Why Does Airplane Food Taste So Bad? Here's What Science And A Professional Chef Have To Say About It
Anyone who travels frequently has probably asked themselves this question at least once in their life: Why does airplane food taste so bad? While it's true that it's improved over time, I don't think anyone is ever going to describe airplane food as good — and as it turns out, that's going to be the case even for in-flight meals prepared by the greatest celebrity chef in the world. Barbara Peterson of Conde Nast Traveler spoke to Lufthansa's SG Sky Chef executive chef for culinary development, Grant Mickels, in order to get to the bottom of the mystery… and hey, guess what? It's science. This isn't surprising, but it's good to know anyway.
To be fair, the article isn't new; Conde Nast Traveler originally posted it last summer. It's currently making the rounds again courtesy of Business Insider, though — and given that this question is one for the ages, I think it's worth revisiting no matter what time of year it is. Because seriously, you guys: What gives, airplane food? What did we ever do to you?
According to Peterson, there are actually a couple of things that contribute to bland, unappetizing airline meals. Here are two of the top offenders — which, unfortunately, also happen to be things we can't really do much about:
Fun fact: High altitude affects how you taste things. Said Mickels, “At 35,000 feet, the first thing that goes is your sense of taste.” As the plane rises, both the pressure and humidity in the cabin drops — and as a 2010 study conducted by Germany's Fraunhofer Institute found, two things happen as a result: You can't smell things as well (with smell actually being an essential part of taste — that's why everything tastes super bland when you have a cold with a stuffy nose), and your threshold for tasting salty and sweet things goes up. It's worth noting that the study was comissioned by Lufthansa, so do with that what you will — but it is pretty interesting that the same ingredients tasted differently to the participants depending on whether they were in a high altitude or low altitude environment.
Peterson also spoke with scientist Harold McGee, who wrote On Food and Cooking: The Science and Lore of the Kitchen. Thee food that's meant to be served on an airplane, you see, is prepared on the ground — after which it's chilled, stored, loaded onto a truck, and brought to the plane long before it's ever served to passengers. The hours that pass between its initial preparation and its serving time might also have something to do with how it tastes once it gets to you. Said McGee to Peterson, who interviewed the scientist for a previous article a number of years ago, “When food gets warmed up to room temperature or above, it starts to deteriorate, and once it crosses a threshold — 160 degrees for meat, 140 degrees for fish — it is going to be dry and tough, no matter what you do.” Whomp, whomp.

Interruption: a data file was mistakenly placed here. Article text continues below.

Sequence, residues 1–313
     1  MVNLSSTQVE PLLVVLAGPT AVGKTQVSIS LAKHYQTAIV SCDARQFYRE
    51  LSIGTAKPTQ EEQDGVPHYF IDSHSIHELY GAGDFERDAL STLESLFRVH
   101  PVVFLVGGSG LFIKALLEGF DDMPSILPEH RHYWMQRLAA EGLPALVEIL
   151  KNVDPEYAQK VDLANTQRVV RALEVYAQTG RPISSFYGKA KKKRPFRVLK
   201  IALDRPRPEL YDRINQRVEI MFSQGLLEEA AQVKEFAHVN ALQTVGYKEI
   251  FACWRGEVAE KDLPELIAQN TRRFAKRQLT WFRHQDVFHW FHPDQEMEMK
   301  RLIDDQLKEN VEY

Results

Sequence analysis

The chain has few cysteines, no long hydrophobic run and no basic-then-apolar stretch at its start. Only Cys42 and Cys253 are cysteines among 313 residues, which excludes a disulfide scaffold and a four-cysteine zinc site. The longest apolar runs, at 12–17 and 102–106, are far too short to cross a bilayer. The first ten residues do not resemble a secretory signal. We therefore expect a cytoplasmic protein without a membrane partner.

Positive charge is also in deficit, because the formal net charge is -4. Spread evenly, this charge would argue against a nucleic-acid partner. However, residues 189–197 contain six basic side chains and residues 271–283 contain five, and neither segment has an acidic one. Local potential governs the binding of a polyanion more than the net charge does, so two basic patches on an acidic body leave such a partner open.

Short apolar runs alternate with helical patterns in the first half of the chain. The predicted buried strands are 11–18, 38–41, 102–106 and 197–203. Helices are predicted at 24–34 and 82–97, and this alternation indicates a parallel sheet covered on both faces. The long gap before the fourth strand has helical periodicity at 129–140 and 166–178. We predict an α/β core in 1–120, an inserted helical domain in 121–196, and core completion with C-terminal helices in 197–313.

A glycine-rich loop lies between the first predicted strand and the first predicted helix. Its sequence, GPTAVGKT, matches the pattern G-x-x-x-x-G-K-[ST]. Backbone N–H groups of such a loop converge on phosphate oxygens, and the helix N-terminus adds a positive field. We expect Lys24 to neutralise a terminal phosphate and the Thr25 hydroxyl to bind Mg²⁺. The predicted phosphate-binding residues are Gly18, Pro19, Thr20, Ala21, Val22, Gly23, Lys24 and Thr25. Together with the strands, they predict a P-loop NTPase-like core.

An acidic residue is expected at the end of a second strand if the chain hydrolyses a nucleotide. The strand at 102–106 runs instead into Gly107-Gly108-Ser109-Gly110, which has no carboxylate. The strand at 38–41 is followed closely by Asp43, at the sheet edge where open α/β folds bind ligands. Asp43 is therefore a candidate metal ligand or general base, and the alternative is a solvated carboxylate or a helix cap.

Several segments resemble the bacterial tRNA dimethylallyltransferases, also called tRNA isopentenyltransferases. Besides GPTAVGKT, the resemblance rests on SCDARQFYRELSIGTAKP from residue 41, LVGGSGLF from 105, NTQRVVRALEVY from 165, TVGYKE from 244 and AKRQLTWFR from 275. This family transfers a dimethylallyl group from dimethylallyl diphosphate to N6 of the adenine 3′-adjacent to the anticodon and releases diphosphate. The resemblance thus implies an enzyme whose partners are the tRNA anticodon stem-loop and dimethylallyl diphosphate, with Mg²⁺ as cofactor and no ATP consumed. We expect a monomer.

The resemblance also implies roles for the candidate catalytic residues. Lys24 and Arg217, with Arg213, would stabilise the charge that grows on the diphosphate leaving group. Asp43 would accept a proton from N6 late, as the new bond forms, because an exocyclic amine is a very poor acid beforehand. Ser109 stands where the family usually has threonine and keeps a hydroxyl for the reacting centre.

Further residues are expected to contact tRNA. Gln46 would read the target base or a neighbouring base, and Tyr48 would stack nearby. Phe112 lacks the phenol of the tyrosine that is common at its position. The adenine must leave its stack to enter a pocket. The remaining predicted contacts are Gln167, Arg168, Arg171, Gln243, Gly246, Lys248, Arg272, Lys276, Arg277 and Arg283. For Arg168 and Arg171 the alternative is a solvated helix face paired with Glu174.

But Then There's This:
Of course, these days, the only folks who actually get full meals on a flight are typically business and first class passengers. The rest of us? We're at the mercy of whatever we were able to bring from home, whatever was available in the airport terminal, or whatever snack boxes the plane itself happens to have available. Personally, I think you're usually better off prepping stuff at home; The Kitchn has some great suggestions for the sorts of snacks that both travel well and won't get you in trouble with the TSA. Either way, though, one thing's for sure: Not great food is better than spending an entire flight with a grumbling tummy. So, y'know… at least there's that.